Muslim-American groups protest ABC hiring of Glenn Beck

by Alia Malek, Columbia Journalism Review

ABC was apparently so impressed with Glenn Beck's appearances on Good Morning America, that it decided to hire him as a regular commentator on the show.

After all, it was the somewhat cleaned-up Beck that GMA viewers were treated to last November, when the show invited him and an imam to discuss the Pope's first visit to a Muslim nation, Turkey. The specific subject: the Pope's ill-advised quoting of a Byzantine emperor's less-than-positive views on Islam (his troops kept losing to Muslim warriors) and whether the Pope's trip to Turkey would "heal" the tensions or "make matters worse."

Beck offered the following gem: "I believe that it is important to look evil in the eye and crush it."

The GMA-friendly Beck made perfunctory comments about Islam being a "beautiful religion" and conceded there were "good Muslims" out there. But those more familiar with his body of work know that, when it comes to things Muslim and Arab, Beck is, to put it diplomatically, ill-informed. Interviewing Keith Ellison in November--the Minnesota Congressman is the first Muslim elected to the House of Representatives, and an African-American whose ancestors were slaves--Beck challenged him to "prove to me that you are not working with our enemies" because he is Muslim.

In September, Beck warned that, "All you Muslims who have sat on your frickin' hands the whole time and have not been marching in the streets and have not been saying, 'Hey, you know what? There are good Muslims and bad Muslims; we need to be the first ones in the recruitment office lining up to shoot the bad Muslims in the head,'" would be rounded up and placed behind "razor wire."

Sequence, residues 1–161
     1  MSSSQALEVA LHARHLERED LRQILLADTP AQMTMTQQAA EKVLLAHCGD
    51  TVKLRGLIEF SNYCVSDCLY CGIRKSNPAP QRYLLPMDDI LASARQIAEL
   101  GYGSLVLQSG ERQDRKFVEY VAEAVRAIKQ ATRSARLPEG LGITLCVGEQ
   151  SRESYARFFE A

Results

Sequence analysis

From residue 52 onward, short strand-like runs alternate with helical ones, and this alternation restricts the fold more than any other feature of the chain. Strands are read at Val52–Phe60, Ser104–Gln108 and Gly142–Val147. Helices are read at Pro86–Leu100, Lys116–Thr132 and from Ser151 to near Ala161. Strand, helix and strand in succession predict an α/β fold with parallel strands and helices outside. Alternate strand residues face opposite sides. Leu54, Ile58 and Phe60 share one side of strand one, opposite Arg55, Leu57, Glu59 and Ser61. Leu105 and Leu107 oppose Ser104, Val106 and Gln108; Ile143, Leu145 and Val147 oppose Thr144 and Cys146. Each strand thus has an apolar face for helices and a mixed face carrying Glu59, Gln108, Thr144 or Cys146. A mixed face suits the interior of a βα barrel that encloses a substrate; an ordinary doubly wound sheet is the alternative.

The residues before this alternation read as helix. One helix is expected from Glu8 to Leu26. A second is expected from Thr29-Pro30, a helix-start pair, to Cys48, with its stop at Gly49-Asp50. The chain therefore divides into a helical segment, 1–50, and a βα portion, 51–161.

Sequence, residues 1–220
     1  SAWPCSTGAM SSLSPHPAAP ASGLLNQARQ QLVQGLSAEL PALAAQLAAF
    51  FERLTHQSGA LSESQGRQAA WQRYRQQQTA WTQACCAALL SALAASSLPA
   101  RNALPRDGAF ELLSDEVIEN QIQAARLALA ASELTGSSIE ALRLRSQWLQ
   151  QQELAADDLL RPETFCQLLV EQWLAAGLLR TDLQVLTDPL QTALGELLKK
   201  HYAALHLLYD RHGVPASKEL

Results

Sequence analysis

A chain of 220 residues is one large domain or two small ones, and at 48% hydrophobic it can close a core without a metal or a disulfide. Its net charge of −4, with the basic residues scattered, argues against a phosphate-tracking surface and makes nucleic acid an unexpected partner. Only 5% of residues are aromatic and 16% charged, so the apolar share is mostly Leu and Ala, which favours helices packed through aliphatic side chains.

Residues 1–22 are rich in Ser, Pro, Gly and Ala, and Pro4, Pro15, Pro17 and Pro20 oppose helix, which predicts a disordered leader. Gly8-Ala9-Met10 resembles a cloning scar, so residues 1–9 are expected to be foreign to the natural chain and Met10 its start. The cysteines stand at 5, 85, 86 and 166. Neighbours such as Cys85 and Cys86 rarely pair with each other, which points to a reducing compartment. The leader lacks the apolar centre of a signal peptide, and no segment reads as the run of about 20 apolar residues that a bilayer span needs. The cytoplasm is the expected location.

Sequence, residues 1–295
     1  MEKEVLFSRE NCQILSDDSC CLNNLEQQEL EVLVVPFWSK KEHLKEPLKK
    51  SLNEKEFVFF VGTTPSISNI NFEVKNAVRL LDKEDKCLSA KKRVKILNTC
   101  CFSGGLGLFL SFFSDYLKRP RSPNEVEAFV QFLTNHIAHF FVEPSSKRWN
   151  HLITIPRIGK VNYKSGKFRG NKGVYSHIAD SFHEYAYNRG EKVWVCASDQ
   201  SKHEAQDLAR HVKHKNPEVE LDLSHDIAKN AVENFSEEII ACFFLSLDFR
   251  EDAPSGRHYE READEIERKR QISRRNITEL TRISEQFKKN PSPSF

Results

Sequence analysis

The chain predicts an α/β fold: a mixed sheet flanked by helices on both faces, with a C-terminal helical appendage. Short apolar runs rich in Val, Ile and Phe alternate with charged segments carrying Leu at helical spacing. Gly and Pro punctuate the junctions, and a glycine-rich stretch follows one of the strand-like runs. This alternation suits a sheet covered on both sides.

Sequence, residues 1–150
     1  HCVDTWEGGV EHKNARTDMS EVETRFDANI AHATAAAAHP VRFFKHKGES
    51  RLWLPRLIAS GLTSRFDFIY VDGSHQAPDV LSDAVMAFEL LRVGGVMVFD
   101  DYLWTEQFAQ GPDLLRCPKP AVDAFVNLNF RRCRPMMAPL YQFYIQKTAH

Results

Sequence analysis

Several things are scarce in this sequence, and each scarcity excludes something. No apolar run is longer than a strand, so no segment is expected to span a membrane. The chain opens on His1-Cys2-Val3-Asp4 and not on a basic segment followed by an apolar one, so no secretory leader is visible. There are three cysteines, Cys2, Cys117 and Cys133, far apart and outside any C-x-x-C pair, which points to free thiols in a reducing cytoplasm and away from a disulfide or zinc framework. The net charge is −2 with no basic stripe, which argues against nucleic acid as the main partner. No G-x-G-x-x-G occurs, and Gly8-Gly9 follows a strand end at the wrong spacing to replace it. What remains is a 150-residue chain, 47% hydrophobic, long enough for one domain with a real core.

So of course Beck's agenda at GMA will include, that's right -- Islam in America.

ABC no doubt would like to see its morning show catch up with NBC's Today show, the ratings leader, whose formula is built on feel-good stories, celebrities, useful information about grooming needs, and regular folk overcoming fill-in-the-blank barriers before finding fill-in-the-blank success. So it is curious that ABC thinks the way to woo Today's audience is to race bait.

But ABC sees Beck differently. "Glenn is a leading cultural commentator with a distinct voice," says Jim Murphy, senior executive producer of GMA.

Unfortunately for ABC, the groups, about whom Beck's distinct voice can often be heard pontificating, are balking. In addition to launching membership action campaigns, the Arab-American Anti-Discrimination Committee (ADC), the Muslim Public Affairs Council (MPAC), and the Arab-American Institute (AAI) have all sent a joint letter to ABC expressing their dismay, urging ABC to reconsider this hiring decision, and requesting a meeting with executives at ABC.

The groups wrote that: "Beck has consistently fueled his commentary with vitriol and falsehoods aimed at stirring resentment towards Arabs and Muslims. His addition to [GMA]would disseminate his prejudiced, openly-hostile and ignorant commentary ... and diminish the credibility of your ... news show. To provide a platform for his hateful speech is dangerous and irresponsible."

According to AAI's director of communication, Jenn Kaufman, as of yet, ABC has yet to grant the groups a meeting with executives, though it promised a call from a senior producer of GMA, who Kaufman says did call earlier this week. "But this needs to be addressed with the executive leadership of ABC; hiring Beck is a decision much larger than GMA."

Asked why she thought they might get a meeting with the execs at ABC, Kaufman said, "GLAAD got a meeting after the Grey's Anatomy star made homophobic comments. This is just as important and serious a matter."

article originally published at

The media's job is to interest the public in the public interest. -John Dewey